The glaring exception to this time-tested approach is the detention center at Guantanamo Bay. The original premise for opening GTMO – that detainees would not be able to challenge their detention – was found unconstitutional five years ago. In the meantime, GTMO has become a symbol around the world for an America that flouts the rule of law. Our allies won’t cooperate with us if they think a terrorist will end up at GTMO. During a time of budget cuts, we spend $150 million each year to imprison 166 people –almost $1 million per prisoner. And the Department of Defense estimates that we must spend another $200 million to keep GTMO open at a time when we are cutting investments in education and research here at home.
As President, I have tried to close GTMO. I transferred 67 detainees to other countries before Congress imposed restrictions to effectively prevent us from either transferring detainees to other countries, or imprisoning them in the United States. These restrictions make no sense. After all, under President Bush, some 530 detainees were transferred from GTMO with Congress’s support. When I ran for President the first time, John McCain supported closing GTMO. No person has ever escaped from one of our super-max or military prisons in the United States. Our courts have convicted hundreds of people for terrorism-related offenses, including some who are more dangerous than most GTMO detainees. Given my Administration’s relentless pursuit of al Qaeda’s leadership, there is no justification beyond politics for Congress to prevent us from closing a facility that should never have been opened.
Today, I once again call on Congress to lift the restrictions on detainee transfers from GTMO. I have asked the Department of Defense to designate a site in the United States where we can hold military commissions. I am appointing a new, senior envoy at the State Department and Defense Department whose sole responsibility will be to achieve the transfer of detainees to third countries. I am lifting the moratorium on detainee transfers to Yemen, so we can review them on a case by case basis. To the greatest extent possible, we will transfer detainees who have been cleared to go to other countries. Where appropriate, we will bring terrorists to justice in our courts and military justice system. And we will insist that judicial review be available for every detainee.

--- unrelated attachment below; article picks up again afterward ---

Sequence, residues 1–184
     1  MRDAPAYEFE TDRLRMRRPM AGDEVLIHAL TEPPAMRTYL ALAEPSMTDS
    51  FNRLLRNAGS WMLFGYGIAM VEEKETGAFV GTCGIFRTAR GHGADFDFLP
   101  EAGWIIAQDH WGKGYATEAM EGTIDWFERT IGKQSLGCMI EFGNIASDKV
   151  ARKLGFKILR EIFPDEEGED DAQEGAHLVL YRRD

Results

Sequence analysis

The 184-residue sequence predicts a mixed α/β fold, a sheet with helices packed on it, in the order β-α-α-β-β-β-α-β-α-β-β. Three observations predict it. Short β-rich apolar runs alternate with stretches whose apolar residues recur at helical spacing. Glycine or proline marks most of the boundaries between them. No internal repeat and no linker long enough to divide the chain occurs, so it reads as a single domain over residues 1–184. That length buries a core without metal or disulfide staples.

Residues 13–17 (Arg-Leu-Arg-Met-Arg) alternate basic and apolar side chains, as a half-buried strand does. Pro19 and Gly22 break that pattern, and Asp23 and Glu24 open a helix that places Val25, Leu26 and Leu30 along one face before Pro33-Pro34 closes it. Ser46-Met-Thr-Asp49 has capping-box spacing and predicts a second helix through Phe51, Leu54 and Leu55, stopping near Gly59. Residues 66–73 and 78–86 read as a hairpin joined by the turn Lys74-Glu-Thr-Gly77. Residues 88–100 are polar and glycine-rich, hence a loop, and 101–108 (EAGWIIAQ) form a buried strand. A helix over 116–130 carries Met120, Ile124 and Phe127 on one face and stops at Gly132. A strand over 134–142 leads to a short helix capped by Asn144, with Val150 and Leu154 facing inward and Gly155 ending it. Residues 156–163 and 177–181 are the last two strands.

Even after we take these steps, one issue will remain: how to deal with those GTMO detainees who we know have participated in dangerous plots or attacks, but who cannot be prosecuted – for example because the evidence against them has been compromised or is inadmissible in a court of law. But once we commit to a process of closing GTMO, I am confident that this legacy problem can be resolved, consistent with our commitment to the rule of law.
I know the politics are hard. But history will cast a harsh judgment on this aspect of our fight against terrorism, and those of us who fail to end it. Imagine a future – ten years from now, or twenty years from now – when the United States of America is still holding people who have been charged with no crime on a piece of land that is not a part of our country. Look at the current situation, where we are force-feeding detainees who are holding a hunger strike. Is that who we are? Is that something that our Founders foresaw? Is that the America we want to leave to our children?
Our sense of justice is stronger than that. We have prosecuted scores of terrorists in our courts. That includes Umar Farouk Abdulmutallab, who tried to blow up an airplane over Detroit; and Faisal Shahzad, who put a car bomb in Times Square. It is in a court of law that we will try Dzhokhar Tsarnaev, who is accused of bombing the Boston Marathon. Richard Reid, the shoe bomber, is as we speak serving a life sentence in a maximum security prison here, in the United States. In sentencing Reid, Judge William Young told him, “the way we treat you…is the measure of our own liberties.” He went on to point to the American flag that flew in the courtroom – “That flag,” he said, “will fly there long after this is all forgotten. That flag still stands for freedom.”